May 2011

Monthly Archives

  • FTC’s Negative Option Rule

    FTC’s Negative Option Rule & Online Offers-Renewals. What You Should Know!

    Negative Option Logo - Aber Law Firm








    The Federal Trade Commission (aka FTC) has a rule called the Negative Option Rule, which I really think every SaaS and software company should know about. 

    The definition.

    Negative Option meanswhen someone ‘fails to act’ (= silence) means they accepted a contract. 

    Q: Why Does the FTC Care?

    A: Well, some companies use this concept to trick consumers into paying for something, without knowing the financial and cancelation terms (nothing you would do, of course).

    Here are the FTC’s 5 Principles:

    1) Disclose the Material Terms of the Offer in an Understandable Manner.

    2) The Appearance of the Disclosure Should be Clear and Conspicuous.

    3) Disclose the Material Terms BEFORE the Consumer Pays for or Incurs the Financial Obligation.

    4) Obtain the Consumer’s AFFIRMATIVE CONSENT to the Offer.

    5) Don’t Impede the Cancelation Procedure.

    Let’s Look at Some Examples: 

    • bundle one service/product, with another service/product which auto-renews each month with a charge.
    • trial, which converts to a paid service.
    • service that auto-renews, without notice (your SaaS service or support renewal?).

    Here is a screenshot from the FTC.

    1) This version looks compliant (you have a choice to accept it or not).  

    Cart with Online Offers - Aber Law Firm

    2) This version does not look compliant (where is that specific consent to it, and it is kinda hidden over there on the right side?)


    Cart with Online Offers - Aber Law Firm


    So think about this issue, …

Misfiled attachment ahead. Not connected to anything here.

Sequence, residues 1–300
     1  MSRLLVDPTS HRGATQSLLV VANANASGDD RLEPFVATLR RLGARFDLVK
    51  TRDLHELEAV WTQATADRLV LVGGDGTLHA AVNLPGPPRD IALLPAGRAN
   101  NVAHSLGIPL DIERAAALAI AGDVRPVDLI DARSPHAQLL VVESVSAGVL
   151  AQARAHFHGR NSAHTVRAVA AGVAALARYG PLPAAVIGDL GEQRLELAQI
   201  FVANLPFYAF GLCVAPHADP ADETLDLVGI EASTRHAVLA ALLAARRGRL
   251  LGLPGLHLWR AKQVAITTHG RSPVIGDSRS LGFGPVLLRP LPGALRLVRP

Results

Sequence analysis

• RFP Responses Included in SaaS Contracts. WHAT?

    RFPs Suck - Aber Law Firm

    The simple answer is no, don’t do it. Ok, let me explain.

    Background: Where is this whole idea even coming from in the SaaS law or software law regime? Many customers are counseled or taught (BTW, there are lots of companies teaching your customers how to negotiate and buy from you) to send out long RFPs that ask for the world (lots of detailed questions about your solution . . . more information than they probably need), and then when it comes to the contract stage they too often demand that your whole RFP response should become part of the final contract. Well, I think that is a really bad idea, and here are 3 reasons why.

    1) RFP Responses = Marketing Material. These responses were not written or intended to be inserted into contracts. If you really think about it, when you wrote the response you had your marketing hat on; you were telling them how great your product was. But were you thinking you were writing the contract? Probably not. Marketing material has a purpose, and that purpose is not contractual (it is more about education and inspiration).

    2) Contracts  = Rights, Duties, Etc. ≠Marketing Material. If you said in your RFP response that “…this software is the best software that does x…” should that become part of the contract? Absolutely not. Have you ever heard of the legal term ‘puffery‘?  Well it is a legal term that describes those vague …

  • Can an IM Conversation Change a Written Contract?

    Aber Law FirmThe answer is, yes.

    A very recent case ruled that the parties conversation on only IM changed the contract, even though there was nothing actually signed to reflect the change (as a software licensing lawyer, I am always looking for cases like this for you). Does this sound like a crazy result? Actually not, so let’s run through the actual IM conversation, the legal logic, and what you can learn from this case.

    1) Here is the Conversation (that changed the volume commitment under the contract).

    IM Conversation - Aber Law Firm

    That is it. ‘Awesome’ was interpreted as yes I agree to ‘No Limi’t on volume.

    2) Here is the Legal Logic.

    The court essentially said that the parties went through an ‘offer and acceptance process’ and changed the volume commitment. Where is the signed document you say? Well, there is none, but there is an offer (by typing ‘NO LIMIT’) and an acceptance (by typing ‘awesome’).

    3) Here is What You Should Remember.

    The courts in the US are now starting to get more and more comfortable with contracting via electronic means (email or IM), so don’t assume anymore that you have to have a written signed document to change a contract. How do you avoid entering into contract (offer and acceptance) via email or IM?

    1. Don’t commit to things in a email/IM, and use more non-commital language (i.e. “that is interesting,” “let me talk to my boss,” “let me think about it,” or “not sure … let me get back